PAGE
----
How can return on investment (ROI) calculations be manipulated?

Modified on Tue, 17 Jul 2018 at 09:47 AM

Return on equity (ROE) is a ratio that provides investors with insight into how efficiently a company (or more specifically, its management team) is handling the money that shareholders have contributed to it. In other words, it measures the profitability of a corporation in relation to stockholders’ equity. The higher the ROE, the more efficient a company's management is at generating income and growth from its equity financing. 

Below are examples of how to calculate ROE.

Calculating ROE

The most basic formula to calculate ROE consists of inserting net income for a company as the numerator, which is the bottom-line profit (before common-stock dividends are paid) reported on a firm’s income statement. Free cash flow (FCF) is another form of profitability and can be used instead of net income.

The denominator for ROE is equity, or more specifically shareholders’ equity. Shareholders’ equity is assets minus liabilities on a firm’s balance sheet and is the accounting value that is left for shareholders should a company settle its liabilities with its reported assets.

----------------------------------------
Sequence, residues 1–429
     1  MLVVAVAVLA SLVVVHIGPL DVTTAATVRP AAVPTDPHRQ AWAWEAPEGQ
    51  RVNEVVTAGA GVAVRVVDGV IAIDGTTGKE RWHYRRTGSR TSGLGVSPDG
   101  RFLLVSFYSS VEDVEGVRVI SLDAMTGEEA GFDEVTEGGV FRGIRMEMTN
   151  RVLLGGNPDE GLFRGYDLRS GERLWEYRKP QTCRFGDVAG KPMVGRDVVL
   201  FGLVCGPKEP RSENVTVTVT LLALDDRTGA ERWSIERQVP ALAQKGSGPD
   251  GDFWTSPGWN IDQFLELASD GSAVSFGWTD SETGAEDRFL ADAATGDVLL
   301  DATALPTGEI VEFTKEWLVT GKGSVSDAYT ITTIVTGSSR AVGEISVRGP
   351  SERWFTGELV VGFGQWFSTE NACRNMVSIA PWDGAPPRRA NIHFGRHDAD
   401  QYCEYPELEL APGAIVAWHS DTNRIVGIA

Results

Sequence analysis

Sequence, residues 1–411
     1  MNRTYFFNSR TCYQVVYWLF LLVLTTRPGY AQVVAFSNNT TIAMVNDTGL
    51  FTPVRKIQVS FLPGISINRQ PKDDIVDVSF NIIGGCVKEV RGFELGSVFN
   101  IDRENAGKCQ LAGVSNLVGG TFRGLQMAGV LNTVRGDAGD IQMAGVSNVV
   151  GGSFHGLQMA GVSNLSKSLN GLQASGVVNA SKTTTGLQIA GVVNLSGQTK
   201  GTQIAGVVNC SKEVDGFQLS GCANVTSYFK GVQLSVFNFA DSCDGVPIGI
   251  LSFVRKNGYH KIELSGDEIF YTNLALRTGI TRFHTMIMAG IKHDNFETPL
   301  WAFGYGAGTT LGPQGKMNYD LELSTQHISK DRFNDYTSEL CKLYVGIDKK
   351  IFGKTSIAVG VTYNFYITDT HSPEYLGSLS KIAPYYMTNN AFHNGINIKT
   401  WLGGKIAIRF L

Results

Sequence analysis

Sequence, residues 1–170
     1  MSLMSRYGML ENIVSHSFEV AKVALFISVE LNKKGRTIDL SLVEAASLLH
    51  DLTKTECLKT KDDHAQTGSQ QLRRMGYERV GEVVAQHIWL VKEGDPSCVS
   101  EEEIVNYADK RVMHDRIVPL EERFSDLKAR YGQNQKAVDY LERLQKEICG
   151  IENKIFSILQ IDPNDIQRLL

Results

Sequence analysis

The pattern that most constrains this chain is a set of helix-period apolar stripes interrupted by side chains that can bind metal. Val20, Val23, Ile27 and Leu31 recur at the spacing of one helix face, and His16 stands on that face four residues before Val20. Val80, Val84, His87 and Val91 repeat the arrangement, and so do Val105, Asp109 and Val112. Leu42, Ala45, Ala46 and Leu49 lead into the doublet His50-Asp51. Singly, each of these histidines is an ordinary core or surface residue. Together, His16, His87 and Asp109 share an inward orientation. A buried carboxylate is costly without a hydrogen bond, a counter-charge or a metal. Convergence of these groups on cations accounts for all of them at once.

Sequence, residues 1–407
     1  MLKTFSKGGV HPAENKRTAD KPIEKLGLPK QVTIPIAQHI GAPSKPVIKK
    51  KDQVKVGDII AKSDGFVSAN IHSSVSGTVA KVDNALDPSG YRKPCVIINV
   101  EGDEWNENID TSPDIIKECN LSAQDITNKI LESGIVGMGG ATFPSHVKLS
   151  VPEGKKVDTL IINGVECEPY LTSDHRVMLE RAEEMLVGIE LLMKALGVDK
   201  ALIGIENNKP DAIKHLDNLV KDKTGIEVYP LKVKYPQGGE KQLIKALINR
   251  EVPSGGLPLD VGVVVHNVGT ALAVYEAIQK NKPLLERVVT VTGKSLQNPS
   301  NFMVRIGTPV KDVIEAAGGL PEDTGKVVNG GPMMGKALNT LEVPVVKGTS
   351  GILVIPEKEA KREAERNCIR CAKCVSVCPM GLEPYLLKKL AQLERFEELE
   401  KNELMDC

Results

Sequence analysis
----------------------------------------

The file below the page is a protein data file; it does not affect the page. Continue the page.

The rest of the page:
As a result, ROE = net income ÷ shareholders’ equity

(Note: ROE is not to be confused with return on total assets (ROTA). While it is also a profitability metric, ROTA – as the name indicates – is calculated by taking a company's earnings before interest and taxes (EBIT) and dividing it by the company's total assets.)

Source : Investopedia 

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